Okay, let me say that this is not a lament about how awful my life is. I have a good job, a home I like, a great wife, and happy, healthy kids whom I enjoy increasingly as their personalities develop. This is about realizing where you belong while trying to accept that you are far from there. It is about seeing the need to make a major change and seeking the courage to make it. It is about sharing thoughts that many others in the hiking, climbing, and mountaineering communities must experience as well.
So maybe this is really about trying to find comfort in knowing I am not alone in feeling this way.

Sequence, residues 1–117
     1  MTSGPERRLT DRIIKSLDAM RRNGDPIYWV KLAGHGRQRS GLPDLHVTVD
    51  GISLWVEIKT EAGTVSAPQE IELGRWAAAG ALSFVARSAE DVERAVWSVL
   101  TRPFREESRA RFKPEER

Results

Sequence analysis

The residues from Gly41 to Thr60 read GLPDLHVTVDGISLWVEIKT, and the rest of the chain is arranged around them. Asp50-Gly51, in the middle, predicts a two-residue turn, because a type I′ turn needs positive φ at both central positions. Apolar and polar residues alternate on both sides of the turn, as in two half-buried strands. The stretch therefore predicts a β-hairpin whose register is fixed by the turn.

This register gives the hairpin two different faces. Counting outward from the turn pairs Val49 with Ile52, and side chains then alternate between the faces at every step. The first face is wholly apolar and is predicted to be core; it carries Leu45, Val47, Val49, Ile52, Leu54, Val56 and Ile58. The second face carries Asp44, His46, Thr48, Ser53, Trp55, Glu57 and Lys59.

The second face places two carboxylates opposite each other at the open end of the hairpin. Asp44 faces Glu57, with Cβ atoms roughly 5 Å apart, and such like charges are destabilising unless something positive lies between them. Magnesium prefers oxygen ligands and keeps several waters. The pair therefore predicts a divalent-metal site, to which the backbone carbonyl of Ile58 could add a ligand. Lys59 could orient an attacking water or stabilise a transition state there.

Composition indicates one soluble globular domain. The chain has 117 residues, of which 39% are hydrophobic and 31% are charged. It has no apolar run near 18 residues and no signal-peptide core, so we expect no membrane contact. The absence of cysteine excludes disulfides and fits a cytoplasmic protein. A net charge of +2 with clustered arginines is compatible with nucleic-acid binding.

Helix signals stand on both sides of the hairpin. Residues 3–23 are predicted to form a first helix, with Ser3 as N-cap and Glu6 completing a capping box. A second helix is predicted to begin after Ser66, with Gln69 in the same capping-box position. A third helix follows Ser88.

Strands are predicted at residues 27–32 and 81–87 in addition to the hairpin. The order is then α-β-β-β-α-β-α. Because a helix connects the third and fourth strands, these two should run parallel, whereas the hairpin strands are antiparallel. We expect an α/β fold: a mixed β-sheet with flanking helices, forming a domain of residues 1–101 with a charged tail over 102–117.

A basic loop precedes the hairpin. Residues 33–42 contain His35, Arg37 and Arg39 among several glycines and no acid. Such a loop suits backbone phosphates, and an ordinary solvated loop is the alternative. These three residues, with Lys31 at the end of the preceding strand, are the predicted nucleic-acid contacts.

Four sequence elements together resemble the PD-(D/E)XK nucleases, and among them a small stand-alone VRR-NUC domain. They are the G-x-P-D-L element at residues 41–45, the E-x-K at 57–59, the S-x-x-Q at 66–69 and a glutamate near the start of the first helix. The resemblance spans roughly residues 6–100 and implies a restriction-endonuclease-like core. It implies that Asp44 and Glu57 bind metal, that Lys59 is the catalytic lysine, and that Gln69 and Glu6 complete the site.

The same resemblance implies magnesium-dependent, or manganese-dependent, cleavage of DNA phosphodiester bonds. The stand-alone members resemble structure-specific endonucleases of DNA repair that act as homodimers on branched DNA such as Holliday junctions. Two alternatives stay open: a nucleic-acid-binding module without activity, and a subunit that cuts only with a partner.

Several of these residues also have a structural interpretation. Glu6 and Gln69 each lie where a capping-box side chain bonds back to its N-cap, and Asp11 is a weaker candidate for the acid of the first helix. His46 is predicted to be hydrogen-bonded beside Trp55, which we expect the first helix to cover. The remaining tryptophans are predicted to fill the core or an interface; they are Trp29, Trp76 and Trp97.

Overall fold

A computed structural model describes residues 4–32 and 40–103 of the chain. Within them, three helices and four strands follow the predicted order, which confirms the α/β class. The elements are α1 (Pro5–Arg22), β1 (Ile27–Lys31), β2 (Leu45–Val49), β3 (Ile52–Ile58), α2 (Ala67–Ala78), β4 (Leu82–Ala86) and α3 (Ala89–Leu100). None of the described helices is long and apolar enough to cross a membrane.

I don't know. What I do know is that I almost feel lost as I think and dream about Yellowstone country much of the day every day. I have it bad, and it is maddening. More than I do anything else, I think of it, and I keep looking at guidebooks and maps I have already read and studied over and over again. Maybe it is nigh time to do something about it. If I can't be there, I must at least be closer. With a little luck and good planning, it will happen. Will I have the courage to break away from what I know, to break away from the stability and security that comfort me but also build resistance to change? Edmond Dantes, the Count of Monte Cristo, says it well-- "Wait and hope." The waiting has gone on so long. I hope I will go through.